Yes, I am on “vacation.” One of those do-nothing, go-nowhere vacations which is my favorite kind given that I do live on Cape Cod, it is August, and the price is right. I’ve rarely, if ever, been able to completely go off the grid during a holiday. The classic was 1998, when my wife and I spent two weeks in France to celebrate my 40th birthday. I was at Forbes.com working with the managing editor and one of the top reporters to uncover the Stephen Glass hoax at the New Republic (later turned into a movie Shattered Glass). Right up to the moment I had to catch a cab to Newark for the flight we were in crazy mode trying to get the facts quadrupled checked. I continued to work by cell phone right up to take off, landed in Paris, got back online, and kabloom, the story hit the fan over the weekend, causing a front page sensation in the NYT and global press.
My wife was not amused as I stayed glued to a phone. I wanted to be in the newsroom, but there was no way I could detach myself from the story.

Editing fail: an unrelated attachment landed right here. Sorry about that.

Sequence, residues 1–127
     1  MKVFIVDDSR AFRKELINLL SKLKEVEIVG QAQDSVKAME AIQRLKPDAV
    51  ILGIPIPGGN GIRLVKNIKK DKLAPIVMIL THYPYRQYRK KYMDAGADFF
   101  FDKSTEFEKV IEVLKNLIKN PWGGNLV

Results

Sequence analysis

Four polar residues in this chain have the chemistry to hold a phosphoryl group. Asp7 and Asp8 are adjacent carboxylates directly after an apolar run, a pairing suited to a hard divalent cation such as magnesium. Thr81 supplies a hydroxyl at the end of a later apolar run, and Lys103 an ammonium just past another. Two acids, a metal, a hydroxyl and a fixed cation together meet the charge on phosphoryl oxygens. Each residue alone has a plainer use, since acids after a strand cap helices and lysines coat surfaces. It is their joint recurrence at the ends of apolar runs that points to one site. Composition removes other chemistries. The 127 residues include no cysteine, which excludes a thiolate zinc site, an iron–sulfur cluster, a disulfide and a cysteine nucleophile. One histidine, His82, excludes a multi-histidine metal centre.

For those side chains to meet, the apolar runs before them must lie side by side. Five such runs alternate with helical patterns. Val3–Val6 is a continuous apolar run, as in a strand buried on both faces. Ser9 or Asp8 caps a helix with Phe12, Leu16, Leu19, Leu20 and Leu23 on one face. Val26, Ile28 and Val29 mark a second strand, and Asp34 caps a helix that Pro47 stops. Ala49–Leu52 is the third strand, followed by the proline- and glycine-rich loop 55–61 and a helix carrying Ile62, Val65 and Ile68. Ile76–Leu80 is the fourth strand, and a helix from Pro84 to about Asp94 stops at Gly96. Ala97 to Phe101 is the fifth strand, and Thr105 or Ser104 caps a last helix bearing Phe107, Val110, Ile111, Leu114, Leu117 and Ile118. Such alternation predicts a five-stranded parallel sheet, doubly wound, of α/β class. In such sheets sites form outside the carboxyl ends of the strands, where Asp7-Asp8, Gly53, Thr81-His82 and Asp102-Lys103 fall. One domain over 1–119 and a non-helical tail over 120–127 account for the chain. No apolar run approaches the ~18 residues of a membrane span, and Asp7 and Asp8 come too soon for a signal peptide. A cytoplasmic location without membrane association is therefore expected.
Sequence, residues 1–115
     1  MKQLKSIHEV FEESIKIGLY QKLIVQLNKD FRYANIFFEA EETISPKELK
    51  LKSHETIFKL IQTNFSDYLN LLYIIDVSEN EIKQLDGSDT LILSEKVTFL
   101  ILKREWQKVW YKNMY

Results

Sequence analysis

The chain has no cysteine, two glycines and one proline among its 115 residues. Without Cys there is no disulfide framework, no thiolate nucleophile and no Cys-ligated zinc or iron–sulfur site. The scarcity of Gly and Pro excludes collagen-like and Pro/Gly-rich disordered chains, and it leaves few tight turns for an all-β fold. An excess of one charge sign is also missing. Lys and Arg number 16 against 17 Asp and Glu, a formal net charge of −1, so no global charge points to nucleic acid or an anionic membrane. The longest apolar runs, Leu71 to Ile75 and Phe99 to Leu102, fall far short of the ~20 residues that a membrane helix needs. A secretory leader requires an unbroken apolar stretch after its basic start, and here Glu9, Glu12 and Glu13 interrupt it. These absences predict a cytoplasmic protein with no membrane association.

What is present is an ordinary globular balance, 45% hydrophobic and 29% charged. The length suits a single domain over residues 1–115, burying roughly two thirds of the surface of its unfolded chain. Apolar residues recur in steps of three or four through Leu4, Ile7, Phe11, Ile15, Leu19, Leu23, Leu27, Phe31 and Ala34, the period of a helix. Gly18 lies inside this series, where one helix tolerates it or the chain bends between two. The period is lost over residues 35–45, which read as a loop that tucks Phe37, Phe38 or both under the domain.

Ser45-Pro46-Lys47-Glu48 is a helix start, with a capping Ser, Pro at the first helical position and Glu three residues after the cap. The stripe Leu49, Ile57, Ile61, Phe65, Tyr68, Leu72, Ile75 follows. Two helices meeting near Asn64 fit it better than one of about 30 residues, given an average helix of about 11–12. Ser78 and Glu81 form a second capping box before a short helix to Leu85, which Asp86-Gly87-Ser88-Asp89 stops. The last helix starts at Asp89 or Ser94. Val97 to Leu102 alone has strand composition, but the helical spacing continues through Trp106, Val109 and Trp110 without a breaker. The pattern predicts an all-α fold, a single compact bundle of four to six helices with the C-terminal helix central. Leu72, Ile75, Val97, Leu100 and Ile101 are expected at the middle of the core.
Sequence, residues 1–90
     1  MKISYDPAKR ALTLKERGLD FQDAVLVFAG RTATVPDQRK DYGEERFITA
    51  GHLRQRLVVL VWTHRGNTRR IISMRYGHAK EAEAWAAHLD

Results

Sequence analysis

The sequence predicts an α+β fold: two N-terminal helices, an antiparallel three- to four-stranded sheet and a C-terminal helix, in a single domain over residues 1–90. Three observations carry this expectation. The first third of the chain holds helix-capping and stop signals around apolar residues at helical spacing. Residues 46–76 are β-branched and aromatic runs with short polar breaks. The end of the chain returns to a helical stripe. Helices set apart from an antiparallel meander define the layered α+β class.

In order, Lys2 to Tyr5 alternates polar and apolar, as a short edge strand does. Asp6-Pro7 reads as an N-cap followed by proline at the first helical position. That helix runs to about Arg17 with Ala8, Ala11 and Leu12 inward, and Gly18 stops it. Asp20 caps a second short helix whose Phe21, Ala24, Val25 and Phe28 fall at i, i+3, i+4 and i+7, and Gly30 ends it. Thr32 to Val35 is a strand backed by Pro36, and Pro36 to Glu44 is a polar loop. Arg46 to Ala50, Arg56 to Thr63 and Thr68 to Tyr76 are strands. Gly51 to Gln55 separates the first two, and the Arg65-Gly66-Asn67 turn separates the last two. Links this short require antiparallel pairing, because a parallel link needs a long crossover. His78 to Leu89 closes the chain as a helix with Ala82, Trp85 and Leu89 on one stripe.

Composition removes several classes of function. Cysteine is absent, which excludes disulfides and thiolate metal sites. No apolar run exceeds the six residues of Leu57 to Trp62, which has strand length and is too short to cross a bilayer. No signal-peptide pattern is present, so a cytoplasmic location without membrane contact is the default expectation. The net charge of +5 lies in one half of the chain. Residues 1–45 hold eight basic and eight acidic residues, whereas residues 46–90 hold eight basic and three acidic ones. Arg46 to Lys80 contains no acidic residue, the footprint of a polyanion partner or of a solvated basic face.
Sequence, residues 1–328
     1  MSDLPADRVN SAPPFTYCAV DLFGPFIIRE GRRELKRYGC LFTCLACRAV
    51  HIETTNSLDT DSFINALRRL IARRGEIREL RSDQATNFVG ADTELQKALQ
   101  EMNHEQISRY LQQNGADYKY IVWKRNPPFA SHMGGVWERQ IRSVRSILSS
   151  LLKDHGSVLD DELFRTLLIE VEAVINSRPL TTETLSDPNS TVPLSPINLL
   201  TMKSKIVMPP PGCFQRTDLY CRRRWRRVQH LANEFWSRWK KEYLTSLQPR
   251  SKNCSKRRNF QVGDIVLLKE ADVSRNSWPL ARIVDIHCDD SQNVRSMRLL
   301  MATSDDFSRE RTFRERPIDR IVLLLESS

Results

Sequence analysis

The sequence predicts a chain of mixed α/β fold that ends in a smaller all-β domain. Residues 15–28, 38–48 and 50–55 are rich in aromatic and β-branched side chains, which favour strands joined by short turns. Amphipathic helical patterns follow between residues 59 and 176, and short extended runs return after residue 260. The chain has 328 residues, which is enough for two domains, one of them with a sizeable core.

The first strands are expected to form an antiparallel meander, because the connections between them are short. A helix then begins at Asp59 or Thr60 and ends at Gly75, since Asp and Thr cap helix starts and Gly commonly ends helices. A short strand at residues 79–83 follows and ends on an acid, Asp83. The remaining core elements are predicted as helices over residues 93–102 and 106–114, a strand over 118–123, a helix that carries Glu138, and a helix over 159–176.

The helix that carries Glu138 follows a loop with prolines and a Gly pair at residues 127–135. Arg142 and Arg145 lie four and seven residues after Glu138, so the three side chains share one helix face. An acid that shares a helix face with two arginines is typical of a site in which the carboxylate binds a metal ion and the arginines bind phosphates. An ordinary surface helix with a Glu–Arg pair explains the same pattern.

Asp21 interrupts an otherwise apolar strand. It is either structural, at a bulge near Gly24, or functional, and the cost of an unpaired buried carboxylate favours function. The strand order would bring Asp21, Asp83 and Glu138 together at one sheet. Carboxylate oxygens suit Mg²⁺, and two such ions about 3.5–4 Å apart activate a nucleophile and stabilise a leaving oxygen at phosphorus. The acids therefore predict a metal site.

So vacation has always meant for me a fully charged cellphone, occasional breaks back into conference calls, and a lot of email scanning with an occasional reply if the subject warrants an immediate response. This five day break is no different. Forthcoming product announcements, long-standing conference calls, and the blog that never sleeps (not this one, Lenovo’s Design Matters) keeps me working two, maybe three hours a day. While the workplace psychologists may caution us worker bees to completely unplug, the reality is few people can afford to. So, here is how to cope and decompress at the same time.
1. Just say no. Not every mail needs a reply, not every conference call needs to be dialed into. People will understand.
2. Fight your fires, not your inbox. Scan subject lines, look for the exclamation points and red text, and make terse replies, not lengthy ones.
3. Do it all early in the morning and late in the evening. Compress the work into blocks. Don’t spread it through the day.
4. The cellphone is the leash. Laptops don’t work when there is sand in the keyboard: a cellphone in the beach bag is fine. Turn the ringer off — bring an index card with conference call in numbers, put on the Borg headset, hit mute, and listen. When you have to talk the rest of the call will have to put up with the background sounds of seagulls and jetskis. Too bad.
5. Don’t feel sorry for yourself. No one likes a whiner. You’re guaranteed to be very bored and very left alone in retirement, so don’t get resentful that work creeps into vacation — there are no hard and fast lines left in life.
6. Noble sentiments of fully disconnecting and decompressing are just sentiments.
7. And set your autoreply and voice mail messages ….